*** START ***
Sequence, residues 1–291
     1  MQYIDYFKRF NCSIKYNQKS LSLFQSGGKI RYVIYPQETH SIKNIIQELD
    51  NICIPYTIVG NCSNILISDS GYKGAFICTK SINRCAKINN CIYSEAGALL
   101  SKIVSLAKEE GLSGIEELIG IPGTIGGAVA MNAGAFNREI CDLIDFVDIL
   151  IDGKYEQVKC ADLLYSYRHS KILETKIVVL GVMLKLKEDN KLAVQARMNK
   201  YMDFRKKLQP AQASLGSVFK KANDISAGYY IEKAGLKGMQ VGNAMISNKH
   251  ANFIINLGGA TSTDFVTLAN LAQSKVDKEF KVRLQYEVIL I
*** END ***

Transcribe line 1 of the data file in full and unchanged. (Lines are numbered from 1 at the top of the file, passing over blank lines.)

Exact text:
Sequence, residues 1–291